I use Google to search and shortlist four famous General Tso’s chicken recipes. These recipes are written by a native American’s, a Chinese who resides in America, one from Taiwan and another one from a documentary film who explore the origins of General Tso.
All the recipes turned out differently. Below are the results,
1. Recipe by Kenji Lopez, Serious Eats
Kenji Lopez is the author of the book The Food Lab: Better Home Cooking Through Science.
His recipe is contemporary and well researched. His book and food blog is the primary source whenever I want to look for recipes and culinary techniques.
What is so special about this recipe
The highlight of this recipe is how Kenji deep-fried the chicken.Kenji has tested some methods to achieve one thing- to get the chicken crispy even after it is coated with the sauce. He also wants to be crispy enough but not to the extend like eating biscuits! Moreover, he wants the duration of crispiness beyond for the few moments just after cooking.
Kenji has tested multiple methods to achieve one thing- to get the chicken crispy even after it is coated with the sauce. He also wants the chicken to be crispy enough but not to the extend like eating biscuits! Moreover, he wants to extend the duration of crispiness beyond the few minutes just after cooking.
He revealed the method of frying and it works. If you follow his recipe strictly, you will get the result as he described. It is a brilliant interplay of various types of flour with the baking soda and baking powder. Certainly, he has a solid understanding of food chemistry behind the scene.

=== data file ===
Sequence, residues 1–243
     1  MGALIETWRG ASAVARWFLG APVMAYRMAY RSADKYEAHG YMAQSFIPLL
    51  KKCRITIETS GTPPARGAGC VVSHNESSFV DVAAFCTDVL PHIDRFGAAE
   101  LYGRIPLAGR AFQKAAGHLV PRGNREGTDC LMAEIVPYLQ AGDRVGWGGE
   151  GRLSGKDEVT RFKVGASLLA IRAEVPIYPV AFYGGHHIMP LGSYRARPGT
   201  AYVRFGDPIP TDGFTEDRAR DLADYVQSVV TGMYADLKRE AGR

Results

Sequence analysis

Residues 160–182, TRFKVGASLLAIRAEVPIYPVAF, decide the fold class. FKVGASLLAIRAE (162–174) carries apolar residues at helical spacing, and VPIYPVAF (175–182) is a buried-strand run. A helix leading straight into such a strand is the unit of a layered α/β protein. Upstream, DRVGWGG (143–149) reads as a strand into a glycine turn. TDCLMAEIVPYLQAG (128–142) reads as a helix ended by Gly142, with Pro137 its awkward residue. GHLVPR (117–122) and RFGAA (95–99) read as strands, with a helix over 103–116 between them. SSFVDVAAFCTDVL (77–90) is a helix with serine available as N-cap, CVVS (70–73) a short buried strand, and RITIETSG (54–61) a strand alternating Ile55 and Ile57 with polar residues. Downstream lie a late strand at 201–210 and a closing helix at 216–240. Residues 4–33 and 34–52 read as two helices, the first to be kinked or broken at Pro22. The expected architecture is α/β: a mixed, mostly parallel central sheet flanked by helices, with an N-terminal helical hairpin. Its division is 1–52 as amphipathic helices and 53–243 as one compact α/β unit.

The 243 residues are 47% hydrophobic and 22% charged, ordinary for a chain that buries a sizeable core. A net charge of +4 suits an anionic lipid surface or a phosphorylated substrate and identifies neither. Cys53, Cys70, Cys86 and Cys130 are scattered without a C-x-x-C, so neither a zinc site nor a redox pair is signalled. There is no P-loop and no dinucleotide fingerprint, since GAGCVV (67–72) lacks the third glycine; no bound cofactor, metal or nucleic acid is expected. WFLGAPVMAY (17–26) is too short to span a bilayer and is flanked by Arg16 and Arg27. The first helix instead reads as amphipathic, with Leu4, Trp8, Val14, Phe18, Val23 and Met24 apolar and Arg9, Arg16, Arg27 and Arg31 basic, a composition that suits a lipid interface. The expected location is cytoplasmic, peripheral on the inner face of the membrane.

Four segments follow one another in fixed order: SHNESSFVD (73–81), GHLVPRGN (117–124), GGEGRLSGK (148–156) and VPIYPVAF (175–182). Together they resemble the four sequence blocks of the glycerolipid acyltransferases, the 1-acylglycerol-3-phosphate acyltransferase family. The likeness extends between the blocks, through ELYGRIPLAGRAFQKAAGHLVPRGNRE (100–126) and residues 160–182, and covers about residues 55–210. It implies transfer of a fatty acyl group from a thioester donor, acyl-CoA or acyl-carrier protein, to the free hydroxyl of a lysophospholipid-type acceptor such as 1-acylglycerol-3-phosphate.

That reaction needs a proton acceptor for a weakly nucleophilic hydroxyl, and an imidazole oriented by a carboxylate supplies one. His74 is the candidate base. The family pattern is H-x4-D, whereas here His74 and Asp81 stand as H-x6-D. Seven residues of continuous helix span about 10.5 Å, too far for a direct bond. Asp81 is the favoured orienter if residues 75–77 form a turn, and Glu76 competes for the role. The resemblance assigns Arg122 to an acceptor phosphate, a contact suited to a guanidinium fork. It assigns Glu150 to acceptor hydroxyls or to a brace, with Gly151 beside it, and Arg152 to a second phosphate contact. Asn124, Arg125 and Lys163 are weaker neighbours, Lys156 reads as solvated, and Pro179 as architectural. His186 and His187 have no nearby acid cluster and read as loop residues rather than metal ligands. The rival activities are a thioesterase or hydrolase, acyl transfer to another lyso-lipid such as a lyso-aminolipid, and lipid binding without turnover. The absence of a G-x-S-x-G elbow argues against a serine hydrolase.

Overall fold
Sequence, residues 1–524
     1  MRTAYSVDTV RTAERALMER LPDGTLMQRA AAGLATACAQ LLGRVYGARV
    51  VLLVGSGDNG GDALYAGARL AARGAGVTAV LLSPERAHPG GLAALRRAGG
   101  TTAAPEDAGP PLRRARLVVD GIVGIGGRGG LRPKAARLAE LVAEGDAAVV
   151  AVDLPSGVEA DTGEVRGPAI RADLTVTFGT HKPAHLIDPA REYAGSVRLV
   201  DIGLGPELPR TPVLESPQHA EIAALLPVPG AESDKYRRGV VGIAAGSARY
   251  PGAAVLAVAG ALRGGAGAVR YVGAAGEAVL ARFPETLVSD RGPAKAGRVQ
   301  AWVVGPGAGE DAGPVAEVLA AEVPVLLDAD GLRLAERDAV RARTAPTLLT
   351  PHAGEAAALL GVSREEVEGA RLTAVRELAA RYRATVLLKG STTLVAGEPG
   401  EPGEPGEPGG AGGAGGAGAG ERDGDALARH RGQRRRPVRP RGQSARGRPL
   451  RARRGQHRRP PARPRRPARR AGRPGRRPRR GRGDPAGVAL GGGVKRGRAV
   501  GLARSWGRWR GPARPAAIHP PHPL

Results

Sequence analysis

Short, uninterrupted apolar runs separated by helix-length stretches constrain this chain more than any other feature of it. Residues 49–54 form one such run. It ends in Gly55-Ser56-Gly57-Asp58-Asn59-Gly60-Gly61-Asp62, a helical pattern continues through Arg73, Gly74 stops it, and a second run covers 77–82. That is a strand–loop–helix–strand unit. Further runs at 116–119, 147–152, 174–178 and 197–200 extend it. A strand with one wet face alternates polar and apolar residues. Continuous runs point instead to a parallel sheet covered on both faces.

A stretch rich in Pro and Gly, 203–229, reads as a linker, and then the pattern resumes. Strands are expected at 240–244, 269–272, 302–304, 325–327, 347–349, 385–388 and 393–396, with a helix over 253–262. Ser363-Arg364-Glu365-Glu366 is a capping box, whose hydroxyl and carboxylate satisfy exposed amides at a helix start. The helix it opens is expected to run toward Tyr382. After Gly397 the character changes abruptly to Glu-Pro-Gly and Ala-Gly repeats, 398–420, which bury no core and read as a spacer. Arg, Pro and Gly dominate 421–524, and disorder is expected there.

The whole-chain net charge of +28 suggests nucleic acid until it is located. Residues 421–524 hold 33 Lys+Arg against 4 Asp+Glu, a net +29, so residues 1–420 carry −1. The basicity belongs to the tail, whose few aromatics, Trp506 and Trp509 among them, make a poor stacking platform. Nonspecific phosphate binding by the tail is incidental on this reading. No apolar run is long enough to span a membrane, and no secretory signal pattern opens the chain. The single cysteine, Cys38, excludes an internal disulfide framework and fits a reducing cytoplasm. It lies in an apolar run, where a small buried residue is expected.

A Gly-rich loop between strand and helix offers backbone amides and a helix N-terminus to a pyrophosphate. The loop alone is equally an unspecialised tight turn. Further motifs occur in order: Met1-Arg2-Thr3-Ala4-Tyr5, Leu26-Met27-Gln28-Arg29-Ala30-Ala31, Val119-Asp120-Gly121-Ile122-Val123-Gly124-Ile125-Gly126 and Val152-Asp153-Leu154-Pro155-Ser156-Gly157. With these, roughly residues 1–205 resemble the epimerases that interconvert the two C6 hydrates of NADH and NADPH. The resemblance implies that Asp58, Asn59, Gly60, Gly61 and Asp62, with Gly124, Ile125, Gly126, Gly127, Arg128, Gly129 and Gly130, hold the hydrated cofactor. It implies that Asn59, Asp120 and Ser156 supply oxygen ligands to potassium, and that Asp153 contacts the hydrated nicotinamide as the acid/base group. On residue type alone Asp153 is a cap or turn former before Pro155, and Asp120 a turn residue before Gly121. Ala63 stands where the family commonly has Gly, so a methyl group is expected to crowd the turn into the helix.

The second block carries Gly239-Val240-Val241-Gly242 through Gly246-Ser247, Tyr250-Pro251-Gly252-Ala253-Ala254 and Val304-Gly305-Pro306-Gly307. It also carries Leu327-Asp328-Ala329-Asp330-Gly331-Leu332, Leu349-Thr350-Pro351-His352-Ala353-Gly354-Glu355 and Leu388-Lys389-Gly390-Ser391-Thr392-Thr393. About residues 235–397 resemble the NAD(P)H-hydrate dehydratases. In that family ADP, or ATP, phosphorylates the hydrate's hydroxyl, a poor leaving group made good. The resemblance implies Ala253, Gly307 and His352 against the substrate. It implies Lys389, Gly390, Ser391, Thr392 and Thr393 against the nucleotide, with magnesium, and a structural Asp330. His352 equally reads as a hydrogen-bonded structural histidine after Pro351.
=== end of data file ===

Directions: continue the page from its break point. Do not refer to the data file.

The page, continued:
The chicken is moist inside and crispy and crunchy on the outside even after deep-frying for half an hour. (Bear in mind that the chicken is coated with sauce all over!)
The flavor is intense, and you can finish a bowl of steamed rice merely mix with the excess of the sauce on the plate.
2. Recipe by CiCi Li From Food Paradise
CiCi Li is the host of CiCi’s “Food Paradise” on NTD Television. The popular food program explores Asian and Western culinary cultures for the Chinese-language audience, including dining recommendations and food trends.
What is so special about this recipe
The main difference of this recipe from Kenji’s version is the coating.
She coated the chicken with a batter mainly consist of egg, baking soda, and cornflour.
Double deep-frying is the key in this recipe, which consists of 4 minutes of deep-frying at 350 °C, followed by 1 minute at 375 °C.
The batter consists of sweet potato starch and an egg.
As expected, the flavor and texture are very different from Kenji’s version. The color is lighter as she use light soy sauce for this recipe. The coating is gooier due to the higher content of cornflour in the sauce. It is crispy and light but turns soft after fifteen minutes.